Tagged: kim bodnia

Rosewater

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Jon Stewart’s first outing as director isn’t quite as bad as some of the early reviews might have you believe. It’s not perfect, and there are a few slightly naff touches here and there (enough with the hashtags), but he’s assembled a strong cast and it’s a story that needed to be told.

Maziar Bahari was reporting for Newsweek from Iran during the controversial elections of 2009. When some of his footage of the ensuing protests was broadcast internationally, he attracted the attention of the authorities who accused him of being a spy and imprisoned him in solitary confinement for 118 days. During this time he was interrogated by a man who, let’s say, wasn’t the sharpest tool in the box but knew the power of psychological torture. And the occasional kick to the guts.

Gael Garcia Bernel plays Bahari with quiet dignity and Nordic Noir favourite Kim Bodnia is great as his interrogator (who was always splashed in rosewater cologne). The nameless interrogator is in turns terrifying and hilariously dim – a dangerous combination – perfect for Bodnia who has a weird likeability even as the baddy. I felt a bit sorry for Claire Foy whose role as Bahari’s wife Paola seemed to be restricted to lounging around at home and patting her pregnant belly (when in fact Paola was a key instigator for the campaign to release him).

The film starts with exhilarating footage of Iran as it heads to election full of hope, and mixes in some of Bahari’s own footage to great effect. It falters a bit once Bahari is imprisoned – yes, we feel the angst of being locked in solitary for months on end, not knowing what’s going on outside, but it doesn’t make for an entirely fulfilling cinematic experience. I understand that Stewart wanted us to experience the isolation that Bahari felt, but relying on ghostly visits from his relatives felt like a bit of a lazy way to let us into his state of mind.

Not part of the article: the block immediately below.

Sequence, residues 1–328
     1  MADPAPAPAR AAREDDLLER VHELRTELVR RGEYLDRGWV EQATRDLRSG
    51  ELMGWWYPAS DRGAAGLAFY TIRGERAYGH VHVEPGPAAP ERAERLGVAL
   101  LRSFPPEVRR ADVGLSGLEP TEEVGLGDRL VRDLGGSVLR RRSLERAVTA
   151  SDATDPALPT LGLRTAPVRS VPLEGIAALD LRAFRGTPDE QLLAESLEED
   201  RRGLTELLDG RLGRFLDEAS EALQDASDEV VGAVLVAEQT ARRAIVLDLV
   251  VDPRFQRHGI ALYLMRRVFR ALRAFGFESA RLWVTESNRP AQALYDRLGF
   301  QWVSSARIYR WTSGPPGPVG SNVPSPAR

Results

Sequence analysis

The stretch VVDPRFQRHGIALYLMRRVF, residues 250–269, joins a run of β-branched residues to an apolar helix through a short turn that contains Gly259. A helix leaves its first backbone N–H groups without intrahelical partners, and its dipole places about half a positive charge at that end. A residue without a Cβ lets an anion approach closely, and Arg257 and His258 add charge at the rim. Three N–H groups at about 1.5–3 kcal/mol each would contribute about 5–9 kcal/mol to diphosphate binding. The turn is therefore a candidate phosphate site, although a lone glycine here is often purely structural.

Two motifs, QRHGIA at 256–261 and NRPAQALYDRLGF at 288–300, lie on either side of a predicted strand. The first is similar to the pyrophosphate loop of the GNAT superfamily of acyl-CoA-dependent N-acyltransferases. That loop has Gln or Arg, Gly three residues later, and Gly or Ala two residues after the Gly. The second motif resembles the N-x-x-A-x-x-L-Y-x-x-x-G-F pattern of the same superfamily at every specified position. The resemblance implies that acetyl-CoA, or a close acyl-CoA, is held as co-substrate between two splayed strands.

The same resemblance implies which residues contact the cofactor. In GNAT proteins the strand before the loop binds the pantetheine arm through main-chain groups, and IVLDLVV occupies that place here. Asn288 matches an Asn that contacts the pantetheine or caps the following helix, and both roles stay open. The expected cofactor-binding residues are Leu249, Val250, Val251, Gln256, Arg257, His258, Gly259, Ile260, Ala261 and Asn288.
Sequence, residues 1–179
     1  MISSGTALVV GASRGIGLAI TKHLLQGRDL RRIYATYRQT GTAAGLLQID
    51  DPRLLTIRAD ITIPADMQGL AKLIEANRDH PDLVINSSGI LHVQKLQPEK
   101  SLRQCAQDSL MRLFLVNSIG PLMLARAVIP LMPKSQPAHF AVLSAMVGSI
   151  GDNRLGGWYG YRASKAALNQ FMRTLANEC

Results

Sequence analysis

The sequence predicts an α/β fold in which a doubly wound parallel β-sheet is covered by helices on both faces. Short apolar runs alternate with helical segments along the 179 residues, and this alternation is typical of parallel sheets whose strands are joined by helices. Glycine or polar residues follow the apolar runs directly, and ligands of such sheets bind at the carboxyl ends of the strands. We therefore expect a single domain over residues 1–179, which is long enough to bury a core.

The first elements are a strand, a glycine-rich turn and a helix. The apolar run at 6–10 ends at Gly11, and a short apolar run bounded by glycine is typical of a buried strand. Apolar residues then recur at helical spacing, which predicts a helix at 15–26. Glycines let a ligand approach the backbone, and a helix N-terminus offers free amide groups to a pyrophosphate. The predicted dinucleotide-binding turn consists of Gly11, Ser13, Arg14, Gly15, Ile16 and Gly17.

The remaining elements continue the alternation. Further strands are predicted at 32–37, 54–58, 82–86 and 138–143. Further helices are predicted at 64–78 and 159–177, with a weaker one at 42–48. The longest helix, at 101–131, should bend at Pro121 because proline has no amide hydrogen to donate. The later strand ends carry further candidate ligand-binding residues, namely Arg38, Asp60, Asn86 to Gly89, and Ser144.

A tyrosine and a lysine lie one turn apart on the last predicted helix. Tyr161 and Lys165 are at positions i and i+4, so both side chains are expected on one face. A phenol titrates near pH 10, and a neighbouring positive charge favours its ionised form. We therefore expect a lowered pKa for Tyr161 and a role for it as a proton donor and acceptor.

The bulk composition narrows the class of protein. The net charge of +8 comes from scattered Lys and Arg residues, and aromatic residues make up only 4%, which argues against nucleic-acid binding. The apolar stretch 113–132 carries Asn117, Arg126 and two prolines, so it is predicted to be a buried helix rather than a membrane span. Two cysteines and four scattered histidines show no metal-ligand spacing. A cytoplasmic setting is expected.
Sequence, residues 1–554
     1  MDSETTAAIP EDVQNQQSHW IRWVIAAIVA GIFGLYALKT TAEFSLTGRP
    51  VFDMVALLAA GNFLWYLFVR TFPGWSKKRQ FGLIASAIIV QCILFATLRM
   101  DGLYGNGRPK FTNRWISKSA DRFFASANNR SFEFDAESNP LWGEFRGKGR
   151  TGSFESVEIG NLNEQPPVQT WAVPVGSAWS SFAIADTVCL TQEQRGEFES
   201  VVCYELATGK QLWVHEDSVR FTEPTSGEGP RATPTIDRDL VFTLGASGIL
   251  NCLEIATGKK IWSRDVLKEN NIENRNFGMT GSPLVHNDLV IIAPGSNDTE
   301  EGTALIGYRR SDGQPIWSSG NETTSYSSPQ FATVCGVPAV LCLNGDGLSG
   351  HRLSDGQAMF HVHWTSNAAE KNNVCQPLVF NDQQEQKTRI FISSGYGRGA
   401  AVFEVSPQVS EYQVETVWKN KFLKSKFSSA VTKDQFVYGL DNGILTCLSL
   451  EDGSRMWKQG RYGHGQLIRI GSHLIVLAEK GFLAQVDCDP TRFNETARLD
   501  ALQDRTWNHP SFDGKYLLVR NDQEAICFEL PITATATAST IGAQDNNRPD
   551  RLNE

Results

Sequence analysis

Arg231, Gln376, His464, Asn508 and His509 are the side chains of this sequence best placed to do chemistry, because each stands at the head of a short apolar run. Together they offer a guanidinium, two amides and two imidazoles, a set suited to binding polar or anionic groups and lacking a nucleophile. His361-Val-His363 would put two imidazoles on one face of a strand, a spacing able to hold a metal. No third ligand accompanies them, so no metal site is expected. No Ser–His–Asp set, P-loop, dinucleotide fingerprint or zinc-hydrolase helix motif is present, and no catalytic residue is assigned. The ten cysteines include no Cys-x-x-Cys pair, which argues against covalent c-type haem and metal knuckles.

It’s Stewart’s smart humour that make the film watchable, his eye for the absurd is the perfect way to highlight the ridiculous paranoia of the regime. And of course the Daily Show had its own role to play in Bahari’s story so I guess this goes some way towards an apology. It’s a promising debut for Stewart, flawed but there’s enough here to make you want to see where he goes next.

It is also worth noting that there are still many journalists falsely imprisoned by extremist regimes around the world and if nothing else, Rosewater is a timely reminder that they need still need our attention.

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